Listening to the experiences of people who use adult mental health services is vital to our work to improve the quality and safety of these services. Last year, the Care Quality Commission (CQC) published feedback from a survey of 12,796 people who were treated by NHS community mental health services for a mental health condition. The survey showed that people are reporting a worsening experience of care and that the longer people have been in contact with services, the less positive they are about the care they are receiving.
It also showed a deterioration in experiences around access to care, planning of care and support for people in relation to financial advice or benefits and physical health needs. These are the bread and butter functions that these services should be providing.
Recently NICE have refreshed their quality standard on service user experience in NHS adult mental health services to highlight the key areas where improvement is needed.
The update outlines the importance of people being able to access mental health services whenever they may require them, ensuring effective, timely treatments to help patients and avert a crisis. This means making sure that people who require non-acute services are seen within three weeks of their original referral.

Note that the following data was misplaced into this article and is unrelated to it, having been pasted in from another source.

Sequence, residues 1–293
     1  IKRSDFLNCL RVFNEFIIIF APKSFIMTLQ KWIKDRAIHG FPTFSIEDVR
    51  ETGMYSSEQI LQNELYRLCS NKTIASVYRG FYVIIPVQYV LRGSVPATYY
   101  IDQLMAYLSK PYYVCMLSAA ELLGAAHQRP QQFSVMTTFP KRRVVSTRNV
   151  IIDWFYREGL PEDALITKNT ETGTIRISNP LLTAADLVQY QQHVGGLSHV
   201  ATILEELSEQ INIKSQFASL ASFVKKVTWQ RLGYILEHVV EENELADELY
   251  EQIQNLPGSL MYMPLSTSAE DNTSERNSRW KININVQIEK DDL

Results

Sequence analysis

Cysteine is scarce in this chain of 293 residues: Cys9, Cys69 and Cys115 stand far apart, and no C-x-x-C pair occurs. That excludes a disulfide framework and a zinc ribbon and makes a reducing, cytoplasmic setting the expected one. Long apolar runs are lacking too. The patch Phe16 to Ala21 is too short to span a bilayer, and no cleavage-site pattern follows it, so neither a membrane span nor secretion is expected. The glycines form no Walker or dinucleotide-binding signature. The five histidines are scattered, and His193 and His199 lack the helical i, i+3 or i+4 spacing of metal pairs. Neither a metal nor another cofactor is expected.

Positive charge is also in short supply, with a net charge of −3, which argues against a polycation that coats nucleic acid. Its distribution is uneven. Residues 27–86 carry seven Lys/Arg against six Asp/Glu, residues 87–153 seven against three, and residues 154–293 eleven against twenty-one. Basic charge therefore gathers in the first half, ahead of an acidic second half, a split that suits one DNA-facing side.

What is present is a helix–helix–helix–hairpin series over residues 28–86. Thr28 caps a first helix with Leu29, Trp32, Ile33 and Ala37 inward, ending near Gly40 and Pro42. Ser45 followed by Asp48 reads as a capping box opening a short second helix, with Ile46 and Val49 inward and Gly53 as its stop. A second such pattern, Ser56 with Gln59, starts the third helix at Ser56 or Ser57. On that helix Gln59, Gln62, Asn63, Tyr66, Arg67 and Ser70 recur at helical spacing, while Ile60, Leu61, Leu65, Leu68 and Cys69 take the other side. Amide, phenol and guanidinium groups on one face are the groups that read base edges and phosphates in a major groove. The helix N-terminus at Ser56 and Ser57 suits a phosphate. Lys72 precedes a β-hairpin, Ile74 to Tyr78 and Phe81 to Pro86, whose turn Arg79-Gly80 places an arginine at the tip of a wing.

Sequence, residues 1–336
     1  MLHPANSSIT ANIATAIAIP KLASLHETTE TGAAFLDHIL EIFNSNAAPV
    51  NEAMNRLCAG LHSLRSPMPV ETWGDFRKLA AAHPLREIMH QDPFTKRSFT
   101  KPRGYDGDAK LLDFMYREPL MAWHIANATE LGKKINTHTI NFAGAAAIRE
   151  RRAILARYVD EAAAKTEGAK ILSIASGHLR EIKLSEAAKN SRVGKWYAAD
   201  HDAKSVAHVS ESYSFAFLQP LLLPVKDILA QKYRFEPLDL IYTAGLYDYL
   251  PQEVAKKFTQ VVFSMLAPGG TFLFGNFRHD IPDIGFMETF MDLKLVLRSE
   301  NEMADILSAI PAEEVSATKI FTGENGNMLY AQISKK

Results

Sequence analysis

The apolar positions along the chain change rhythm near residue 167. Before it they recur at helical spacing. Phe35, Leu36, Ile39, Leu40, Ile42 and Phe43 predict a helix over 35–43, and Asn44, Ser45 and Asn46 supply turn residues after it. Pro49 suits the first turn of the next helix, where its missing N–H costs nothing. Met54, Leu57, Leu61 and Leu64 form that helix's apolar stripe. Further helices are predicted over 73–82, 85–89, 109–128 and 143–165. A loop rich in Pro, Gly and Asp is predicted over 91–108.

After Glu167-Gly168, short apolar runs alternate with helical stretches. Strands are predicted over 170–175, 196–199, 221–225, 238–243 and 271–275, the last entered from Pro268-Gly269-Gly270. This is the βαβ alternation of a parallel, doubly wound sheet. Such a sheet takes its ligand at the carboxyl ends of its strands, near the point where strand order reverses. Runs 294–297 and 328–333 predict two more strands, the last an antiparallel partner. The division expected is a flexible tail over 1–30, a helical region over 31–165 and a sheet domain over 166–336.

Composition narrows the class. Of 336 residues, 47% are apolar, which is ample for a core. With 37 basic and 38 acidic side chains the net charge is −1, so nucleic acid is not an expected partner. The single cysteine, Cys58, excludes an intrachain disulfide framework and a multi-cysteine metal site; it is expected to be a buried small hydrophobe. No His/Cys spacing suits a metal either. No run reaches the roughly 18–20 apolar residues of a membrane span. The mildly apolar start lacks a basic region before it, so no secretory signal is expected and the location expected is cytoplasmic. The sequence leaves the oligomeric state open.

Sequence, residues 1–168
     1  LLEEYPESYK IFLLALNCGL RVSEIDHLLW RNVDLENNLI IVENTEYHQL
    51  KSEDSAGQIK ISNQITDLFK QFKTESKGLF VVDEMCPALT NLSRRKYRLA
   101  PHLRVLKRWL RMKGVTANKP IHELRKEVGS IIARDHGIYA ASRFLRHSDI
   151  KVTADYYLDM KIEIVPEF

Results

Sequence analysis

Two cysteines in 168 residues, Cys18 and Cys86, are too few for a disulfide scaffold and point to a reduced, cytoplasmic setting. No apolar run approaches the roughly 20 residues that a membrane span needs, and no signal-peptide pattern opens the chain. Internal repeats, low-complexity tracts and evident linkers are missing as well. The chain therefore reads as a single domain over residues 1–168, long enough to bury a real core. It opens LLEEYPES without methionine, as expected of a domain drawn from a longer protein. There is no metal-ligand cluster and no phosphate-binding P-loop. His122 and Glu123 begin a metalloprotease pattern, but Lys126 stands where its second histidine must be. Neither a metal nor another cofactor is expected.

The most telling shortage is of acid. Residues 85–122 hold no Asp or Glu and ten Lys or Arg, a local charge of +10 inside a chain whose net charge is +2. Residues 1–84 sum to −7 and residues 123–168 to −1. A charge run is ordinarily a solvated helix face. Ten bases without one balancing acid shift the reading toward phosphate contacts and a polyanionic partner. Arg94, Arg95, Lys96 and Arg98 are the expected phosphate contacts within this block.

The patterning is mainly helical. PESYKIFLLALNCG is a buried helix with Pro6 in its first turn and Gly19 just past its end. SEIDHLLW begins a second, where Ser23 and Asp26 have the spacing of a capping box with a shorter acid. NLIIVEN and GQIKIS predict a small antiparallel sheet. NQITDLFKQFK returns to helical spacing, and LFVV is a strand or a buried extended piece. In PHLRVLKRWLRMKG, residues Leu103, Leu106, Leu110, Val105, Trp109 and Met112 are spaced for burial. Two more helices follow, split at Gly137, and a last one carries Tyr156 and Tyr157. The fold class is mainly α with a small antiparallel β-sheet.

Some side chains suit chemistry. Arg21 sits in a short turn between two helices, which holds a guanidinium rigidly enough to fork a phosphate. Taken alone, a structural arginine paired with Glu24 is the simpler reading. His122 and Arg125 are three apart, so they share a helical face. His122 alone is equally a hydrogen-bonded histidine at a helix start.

This quality standard will enable CQC staff to continue to inspect and report what good care looks like for people with mental health conditions. To help inform and guide CQC inspections we have integrated a checklist of the quality standard into our service framework inspection tools.
The voice and experience of those who receive mental health services is vital to our work, so we are pleased to see another key component to the update is shared decision making. This helps ensure that people who are using NHS mental health services are involved in the decision-making process, alongside care professionals. It is important that people do not feel on the periphery of their own care.
Finally, at the centre of all services provided by the NHS is the core principle that patients must be treated with empathy, dignity and respect. The CQC community mental health survey 2018 showed that 71% of people felt they were always treated with respect and dignity by NHS mental health services.
Not only does this enable NHS mental health services to create a vital rapport between care professionals and their patients, it helps to eradicate the stigma which can sometimes be attributed to mental health issues, making it easier for patients to seek help when they really need it.